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Yup, Russia was probably behind that NSA hack

Published Aug 17th, 2016 9:00PM EDT

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The NSA was hacked by a group that calls itself Shadow Brokers, a report earlier this week revealed, with some of the stolen cyberweapons being auctioned off to the highest bidder. Since then, experts who have seen some of the stolen files believe that the NSA has indeed been hacked, with Russia being one of the prime suspects. As for the strange auction itself, it looks like nobody is really interested in paying for the hacked documents at this point.

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A new report from Business Insider reveals that the NSA itself was not hacked. However, a server used by the Equation Group, a highly sophisticated cyber-security company that’s believed to support the NSA’s Tailored Access Operations (TAO) hacking group, was hit.

Security researchers who have seen the stolen data believe it’s authentic, including Kaspersky researchers and Nicholas Weaver.

Even Edward Snowden commented on the matter, suggesting that a server may have been hit. “NSA malware staging servers getting hacked by a rival is not new,” he said on Twitter. “A rival publicly demonstrating they have done so is.”

Meanwhile, some security experts believe that Russia is behind the hack. There’s no real proof for now, but considering the timing and nature of the attack, security experts see the country as a potential backer of the Shadow Brokers.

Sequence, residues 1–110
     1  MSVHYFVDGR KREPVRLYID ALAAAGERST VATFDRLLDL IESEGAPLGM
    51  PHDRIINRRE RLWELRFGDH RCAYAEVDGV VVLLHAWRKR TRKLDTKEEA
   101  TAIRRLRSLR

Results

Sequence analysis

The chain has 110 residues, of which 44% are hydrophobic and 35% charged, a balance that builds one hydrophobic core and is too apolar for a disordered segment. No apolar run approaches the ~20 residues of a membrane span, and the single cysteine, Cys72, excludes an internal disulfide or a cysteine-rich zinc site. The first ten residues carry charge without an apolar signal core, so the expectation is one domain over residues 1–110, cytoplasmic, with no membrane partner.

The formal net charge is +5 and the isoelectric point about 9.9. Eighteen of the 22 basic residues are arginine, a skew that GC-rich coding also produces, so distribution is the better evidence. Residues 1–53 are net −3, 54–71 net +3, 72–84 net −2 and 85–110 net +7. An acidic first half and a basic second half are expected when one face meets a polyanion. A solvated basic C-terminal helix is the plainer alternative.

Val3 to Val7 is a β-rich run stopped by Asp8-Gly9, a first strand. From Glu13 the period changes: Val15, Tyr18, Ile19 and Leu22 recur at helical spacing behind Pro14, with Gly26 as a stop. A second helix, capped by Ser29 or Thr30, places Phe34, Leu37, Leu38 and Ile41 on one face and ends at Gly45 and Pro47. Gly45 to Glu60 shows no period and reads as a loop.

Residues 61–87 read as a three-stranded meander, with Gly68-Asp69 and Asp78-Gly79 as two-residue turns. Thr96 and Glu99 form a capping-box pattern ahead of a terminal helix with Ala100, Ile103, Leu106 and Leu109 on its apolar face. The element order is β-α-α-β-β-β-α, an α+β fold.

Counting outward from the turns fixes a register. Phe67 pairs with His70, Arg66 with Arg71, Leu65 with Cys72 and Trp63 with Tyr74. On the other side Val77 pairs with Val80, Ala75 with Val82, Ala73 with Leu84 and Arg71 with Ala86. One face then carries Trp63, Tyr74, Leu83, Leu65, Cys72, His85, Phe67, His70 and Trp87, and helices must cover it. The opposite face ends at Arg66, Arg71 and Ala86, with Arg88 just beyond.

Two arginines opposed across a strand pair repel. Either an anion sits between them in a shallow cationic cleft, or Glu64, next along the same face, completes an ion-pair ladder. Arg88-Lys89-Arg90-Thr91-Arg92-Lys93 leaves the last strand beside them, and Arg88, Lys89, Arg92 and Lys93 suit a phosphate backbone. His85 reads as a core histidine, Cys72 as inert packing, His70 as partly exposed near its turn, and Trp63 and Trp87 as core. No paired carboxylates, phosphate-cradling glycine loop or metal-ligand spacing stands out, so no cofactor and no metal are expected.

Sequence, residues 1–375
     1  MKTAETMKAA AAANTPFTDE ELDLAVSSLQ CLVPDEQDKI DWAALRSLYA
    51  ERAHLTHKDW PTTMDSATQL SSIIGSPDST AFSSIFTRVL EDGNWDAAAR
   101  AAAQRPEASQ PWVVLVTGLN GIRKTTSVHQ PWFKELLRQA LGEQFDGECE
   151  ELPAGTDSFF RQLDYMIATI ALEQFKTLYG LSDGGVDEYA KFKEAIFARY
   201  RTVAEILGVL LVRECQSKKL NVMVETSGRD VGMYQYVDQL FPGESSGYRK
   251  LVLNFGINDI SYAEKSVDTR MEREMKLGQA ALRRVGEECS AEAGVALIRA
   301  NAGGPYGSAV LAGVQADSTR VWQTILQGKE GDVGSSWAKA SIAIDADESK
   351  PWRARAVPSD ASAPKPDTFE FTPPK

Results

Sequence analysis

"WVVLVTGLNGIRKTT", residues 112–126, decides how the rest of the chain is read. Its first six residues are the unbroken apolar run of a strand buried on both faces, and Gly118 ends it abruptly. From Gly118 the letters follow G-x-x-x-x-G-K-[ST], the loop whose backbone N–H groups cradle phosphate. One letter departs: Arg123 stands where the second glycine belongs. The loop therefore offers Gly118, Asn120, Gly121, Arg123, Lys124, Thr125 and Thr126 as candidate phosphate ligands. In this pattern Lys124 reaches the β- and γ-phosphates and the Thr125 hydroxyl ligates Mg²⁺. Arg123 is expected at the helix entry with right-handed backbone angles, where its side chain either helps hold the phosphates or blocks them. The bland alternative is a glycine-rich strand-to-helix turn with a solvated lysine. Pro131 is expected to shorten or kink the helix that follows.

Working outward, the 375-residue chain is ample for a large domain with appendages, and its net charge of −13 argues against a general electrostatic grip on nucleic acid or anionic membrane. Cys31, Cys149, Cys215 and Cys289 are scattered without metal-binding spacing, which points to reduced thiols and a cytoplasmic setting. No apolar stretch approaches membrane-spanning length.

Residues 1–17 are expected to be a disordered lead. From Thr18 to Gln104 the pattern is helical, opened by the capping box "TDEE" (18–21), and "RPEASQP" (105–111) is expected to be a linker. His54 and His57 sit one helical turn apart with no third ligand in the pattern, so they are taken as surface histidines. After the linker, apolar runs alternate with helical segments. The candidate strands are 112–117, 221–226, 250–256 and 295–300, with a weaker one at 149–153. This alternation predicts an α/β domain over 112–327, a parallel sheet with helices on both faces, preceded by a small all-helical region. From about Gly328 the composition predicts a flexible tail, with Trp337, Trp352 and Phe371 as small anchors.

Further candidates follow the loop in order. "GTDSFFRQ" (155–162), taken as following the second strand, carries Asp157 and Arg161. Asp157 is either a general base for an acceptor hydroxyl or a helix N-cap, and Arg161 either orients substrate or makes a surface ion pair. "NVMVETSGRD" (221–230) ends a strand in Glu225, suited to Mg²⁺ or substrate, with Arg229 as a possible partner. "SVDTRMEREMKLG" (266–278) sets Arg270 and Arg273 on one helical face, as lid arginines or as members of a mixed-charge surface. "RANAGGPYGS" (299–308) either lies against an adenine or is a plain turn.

“High level US political officials seemed quite upset about the DNC hacks, which no doubt resulted in a covert response, which this is then likely a counter-response to,” former NSA employee Dave Aitel said. “No team of ‘hackers’ would want to piss off Equation Group this much. That’s the kind of cojones that only come from having a nation state protecting you.”

“The list of suspects is short: Russia or China,” Weaver said. “And in the context of the recent conflict between the US and Russia over election interference, safe money is on the former.”

Even Snowden said the attack might be a warning to the US against accusing Russia publicly of hacking the DNC.

As for the contents of the files stolen from the NSA computer, nobody is really looking to buy them, Wired reports. With over 24 hours having passed since the auction was made public, the highest bid is at $937.15. That’s nowhere near the asking price of 1 million bitcoin that the hackers are looking for (that’s $576 million).

The auction is rather strange and isn’t really an auction, per se. The Shadow Brokers expect bidders to pay in advance, with the highest bidder set to receive the stolen cyeberweapons. Everyone else would lose their bids.

However, the attackers – if they’re indeed enemies of the US – may be more interested in sending a message than making any money off the hack. “This leak is likely a warning that someone can prove US responsibility for any attacks that originated from this malware server,” Weaver wrote. “That could have significant foreign policy consequences. Particularly if any of those operations targeted US allies….Particularly if any of those operations targeted elections.”

Chris Smith Senior Writer

Chris Smith has been covering consumer electronics ever since the iPhone revolutionized the industry in 2008. When he’s not writing about the most recent tech news for BGR, he brings his entertainment expertise to Marvel’s Cinematic Universe and other blockbuster franchises.

Outside of work, you’ll catch him streaming almost every new movie and TV show release as soon as it's available.